Geographic Routing of Sensor Data around Voids and Obstacles

Geographic Routing of Sensor Data around Voids and Obstacles

Sotiris Nikoletseas (University of Patras, Greece), Olivier Powell (University of Geneva, Switzerland) and Jose Rolim (University of Geneva, Switzerland)
DOI: 10.4018/978-1-60566-328-9.ch012
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Abstract

Geographic routing is becoming the protocol of choice for many sensor network applications. Some very efficient geographic routing algorithms exist, however they require a preliminary planarization of the communication graph. Planarization induces overhead which makes this approach not optimal when lightweight protocols are required. On the other hand, georouting algorithms which do not rely on planarization have fairly low success rates and either fail to route messages around all but the simplest obstacles or have a high topology control overhead (e.g. contour detection algorithms). This chapter describes the GRIC algorithm which was designed to overcome some of those limitations. The GRIC algorithm was proposed in (Powell & Nikoletseas, 2007a). It is the first lightweight and efficient on demand (i.e. all-to-all) geographic routing algorithm which does not require planarization, has almost 100% delivery rates (when no obstacles are added), and behaves well in the presence of large communication blocking obstacles.
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Introduction

We consider the problem of routing in ad hoc wireless networks of location aware stations, i.e. the stations know their location in a coordinate system such as the Euclidean plane. This problem is commonly called geographic routing. An emerging technology which has recently attracted considerable research efforts towards improving geographic routing algorithms is that of wireless sensor network. This text falls within this context and is concerned with the specific requirements imposed on geographic routing by such networks. The constraints imposed on the engineering of algorithms dedicated to sensor networks are stringent and routing algorithms are no exceptions to this rule: routing algorithms for sensor networks should be realistic, lightweight, on demand and efficient. Routing algorithms for sensor networks should be realistic and usable in real world scenarios, including urban scenarios with large communication blocking obstacles such as walls or buildings. Routing algorithms should also accommodate themselves with areas of low node density, also called routing holes. Of course, the success and performance of routing algorithms should not be dependent on the assumptions made on the model used as an approximation to real world wireless networks. They should be lightweight, which is notably understood in terms of topology maintenance overhead and, more generally, in terms of protocol message exchange overhead. Routing algorithms for sensor networks should also be on demand, which means they should be all-to-all (as opposed to all-to-one and one-to-all algorithms) without relying on solution which are obviously not lightweight as they require the storing of routing tables or other expensive and difficult to maintain and update information. Efficiency is measured in terms of success rate (the probability that a message will reaches its destination) and hop-stretch (i.e. the path length should be short), which somehow encompasses at a high level many other metrics, such as energy consumption, latency and traffic.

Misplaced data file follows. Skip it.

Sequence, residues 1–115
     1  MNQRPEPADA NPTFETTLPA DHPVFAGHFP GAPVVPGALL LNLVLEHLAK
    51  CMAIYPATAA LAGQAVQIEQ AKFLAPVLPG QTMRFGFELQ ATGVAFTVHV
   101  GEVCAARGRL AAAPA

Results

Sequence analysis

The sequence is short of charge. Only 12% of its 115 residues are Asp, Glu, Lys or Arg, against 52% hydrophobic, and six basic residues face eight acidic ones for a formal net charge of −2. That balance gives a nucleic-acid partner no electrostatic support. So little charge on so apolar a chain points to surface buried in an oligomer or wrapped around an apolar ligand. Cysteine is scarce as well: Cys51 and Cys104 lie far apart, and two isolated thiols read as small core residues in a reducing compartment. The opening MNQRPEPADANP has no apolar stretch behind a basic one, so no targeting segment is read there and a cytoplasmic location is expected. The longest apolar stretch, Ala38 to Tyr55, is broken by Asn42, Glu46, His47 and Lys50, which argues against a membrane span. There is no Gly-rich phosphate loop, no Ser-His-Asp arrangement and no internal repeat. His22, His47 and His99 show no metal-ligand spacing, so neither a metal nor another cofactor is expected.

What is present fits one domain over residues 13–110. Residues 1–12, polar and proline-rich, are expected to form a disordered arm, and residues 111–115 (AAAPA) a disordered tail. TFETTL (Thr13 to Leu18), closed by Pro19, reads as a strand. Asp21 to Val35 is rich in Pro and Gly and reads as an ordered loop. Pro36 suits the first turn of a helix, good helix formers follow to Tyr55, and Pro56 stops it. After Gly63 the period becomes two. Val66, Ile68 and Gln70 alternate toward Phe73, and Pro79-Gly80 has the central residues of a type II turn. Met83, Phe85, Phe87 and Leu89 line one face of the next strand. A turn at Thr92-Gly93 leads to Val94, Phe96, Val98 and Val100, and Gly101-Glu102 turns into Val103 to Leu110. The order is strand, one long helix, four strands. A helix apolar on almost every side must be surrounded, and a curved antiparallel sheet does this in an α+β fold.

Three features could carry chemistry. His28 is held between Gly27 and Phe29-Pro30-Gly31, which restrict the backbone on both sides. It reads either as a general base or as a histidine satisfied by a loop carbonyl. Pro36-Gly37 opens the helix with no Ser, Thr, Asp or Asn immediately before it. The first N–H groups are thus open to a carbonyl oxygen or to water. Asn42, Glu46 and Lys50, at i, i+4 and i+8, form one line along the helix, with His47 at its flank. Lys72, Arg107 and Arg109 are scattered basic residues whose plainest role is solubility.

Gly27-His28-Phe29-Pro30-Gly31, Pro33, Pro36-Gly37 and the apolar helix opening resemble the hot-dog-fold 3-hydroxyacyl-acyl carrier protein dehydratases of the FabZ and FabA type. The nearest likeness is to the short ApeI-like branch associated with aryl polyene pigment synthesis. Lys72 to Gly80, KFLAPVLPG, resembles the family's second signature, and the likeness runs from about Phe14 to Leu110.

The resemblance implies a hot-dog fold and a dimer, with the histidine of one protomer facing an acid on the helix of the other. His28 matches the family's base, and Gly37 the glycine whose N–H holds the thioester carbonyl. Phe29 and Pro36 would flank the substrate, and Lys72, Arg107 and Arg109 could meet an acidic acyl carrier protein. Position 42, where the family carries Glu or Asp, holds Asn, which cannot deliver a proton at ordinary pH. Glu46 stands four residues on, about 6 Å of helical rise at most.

Problem definition 1The problem we are considering is that of routing messages in a network of wireless and localized nodes with regions of low node density and with large emission blocking obstacles (such as walls, buildings, lakes, etc...). The geographic routing algorithms we allow ourselves to consider should be lightweight, fast, low cost, on demand and realistic.

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